Is My Divorce Going to Destroy My Children?
When considering the idea of pursuing a divorce, certainly the question of how it will affect the children arises. Is the divorce going to destroy the children? In a word, no. But, that is not to say that divorce does not provide an impact to children at any age.
One perspective is that parents of infants or young toddlers may have an advantage over older children because the children are too young to understand a change is happening. In reality, babies require a different set of considerations when it comes to divorce. For instance, more frequent, short visits are better for parenting time with an infant or young toddler. Overnight visits may be more of a hindrance than beneficial. Not to mention, as soon as object permanence has developed, babies notice when mom or dad is not around. And while they may notice something has changed, they lack the ability to verbalize that it’s bothering them.
For parents of school aged children, divorce can have a negative impact on behavior at both home and school. School is frequently the environment where children display the distress that comes with divorce. These children typically have a sense that they have no control in the situation that their family is going through. They often display this lack of control by acting out in aggression, regression, withdraw, and defiance. In addition, these kids have the mental wherewithal to understand that one or both of their parents have made the choice to no longer live together as a family. That can leave kids with fears of abandonment and self blame.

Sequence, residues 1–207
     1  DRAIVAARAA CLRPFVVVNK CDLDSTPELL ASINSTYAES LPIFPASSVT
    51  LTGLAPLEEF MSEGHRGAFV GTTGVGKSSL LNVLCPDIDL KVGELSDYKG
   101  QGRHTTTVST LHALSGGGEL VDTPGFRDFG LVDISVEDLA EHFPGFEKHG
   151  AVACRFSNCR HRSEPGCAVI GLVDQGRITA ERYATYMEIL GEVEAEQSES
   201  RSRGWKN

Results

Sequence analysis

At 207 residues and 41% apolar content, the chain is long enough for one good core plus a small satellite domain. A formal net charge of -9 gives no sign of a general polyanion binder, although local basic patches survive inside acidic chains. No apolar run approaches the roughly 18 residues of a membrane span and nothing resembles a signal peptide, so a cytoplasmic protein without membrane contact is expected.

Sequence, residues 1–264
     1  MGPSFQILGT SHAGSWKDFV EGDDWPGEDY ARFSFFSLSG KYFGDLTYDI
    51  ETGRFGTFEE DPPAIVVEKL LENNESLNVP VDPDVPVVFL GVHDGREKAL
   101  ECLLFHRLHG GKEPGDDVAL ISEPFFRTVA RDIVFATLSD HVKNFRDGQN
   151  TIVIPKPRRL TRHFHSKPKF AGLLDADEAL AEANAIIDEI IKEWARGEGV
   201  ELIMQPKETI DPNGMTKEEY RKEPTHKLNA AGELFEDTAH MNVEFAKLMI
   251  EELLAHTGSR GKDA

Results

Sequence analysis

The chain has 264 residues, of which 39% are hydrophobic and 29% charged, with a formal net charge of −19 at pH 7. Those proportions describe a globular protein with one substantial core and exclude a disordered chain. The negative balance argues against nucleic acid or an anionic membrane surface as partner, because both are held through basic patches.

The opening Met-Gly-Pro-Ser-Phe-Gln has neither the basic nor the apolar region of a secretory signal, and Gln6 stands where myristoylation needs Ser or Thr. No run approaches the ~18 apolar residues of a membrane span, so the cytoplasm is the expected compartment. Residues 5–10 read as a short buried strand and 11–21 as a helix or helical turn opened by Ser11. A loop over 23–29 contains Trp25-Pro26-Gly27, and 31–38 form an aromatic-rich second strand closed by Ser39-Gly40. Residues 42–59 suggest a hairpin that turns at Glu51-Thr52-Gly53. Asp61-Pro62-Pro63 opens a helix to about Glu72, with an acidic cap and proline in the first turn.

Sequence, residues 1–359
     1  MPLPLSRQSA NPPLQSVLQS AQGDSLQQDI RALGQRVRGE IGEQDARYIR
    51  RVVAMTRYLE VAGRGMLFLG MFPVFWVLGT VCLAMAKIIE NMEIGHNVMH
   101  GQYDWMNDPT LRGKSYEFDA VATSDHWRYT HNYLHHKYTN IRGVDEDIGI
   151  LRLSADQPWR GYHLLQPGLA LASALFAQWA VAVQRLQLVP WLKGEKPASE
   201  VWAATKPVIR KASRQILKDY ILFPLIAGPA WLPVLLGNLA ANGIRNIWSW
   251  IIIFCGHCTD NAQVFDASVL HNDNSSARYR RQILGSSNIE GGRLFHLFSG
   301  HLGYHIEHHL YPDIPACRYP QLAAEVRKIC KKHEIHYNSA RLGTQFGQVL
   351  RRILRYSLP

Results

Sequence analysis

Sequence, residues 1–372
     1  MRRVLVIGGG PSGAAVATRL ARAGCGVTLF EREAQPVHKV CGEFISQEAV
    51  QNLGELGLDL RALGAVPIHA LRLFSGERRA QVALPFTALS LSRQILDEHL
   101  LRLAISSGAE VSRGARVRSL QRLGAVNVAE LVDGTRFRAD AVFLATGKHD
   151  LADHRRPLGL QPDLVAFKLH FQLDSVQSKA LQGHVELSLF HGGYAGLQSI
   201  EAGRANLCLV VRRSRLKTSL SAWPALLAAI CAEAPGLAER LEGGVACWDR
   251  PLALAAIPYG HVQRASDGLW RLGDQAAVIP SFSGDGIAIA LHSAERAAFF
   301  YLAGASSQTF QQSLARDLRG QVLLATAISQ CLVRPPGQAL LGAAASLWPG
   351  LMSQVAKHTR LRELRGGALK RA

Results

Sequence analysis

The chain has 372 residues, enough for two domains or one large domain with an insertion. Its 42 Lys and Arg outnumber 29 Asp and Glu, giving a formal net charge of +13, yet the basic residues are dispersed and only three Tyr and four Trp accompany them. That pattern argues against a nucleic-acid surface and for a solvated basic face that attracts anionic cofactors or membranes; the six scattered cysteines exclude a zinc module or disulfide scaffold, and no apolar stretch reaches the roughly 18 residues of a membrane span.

What can you do? As with most scenarios, the best way to soften the blow of divorce at any age is to be sensitive to your child and their needs. They need security, they need continuity, they need routine, and they need their parents to be kind to each other in their presence.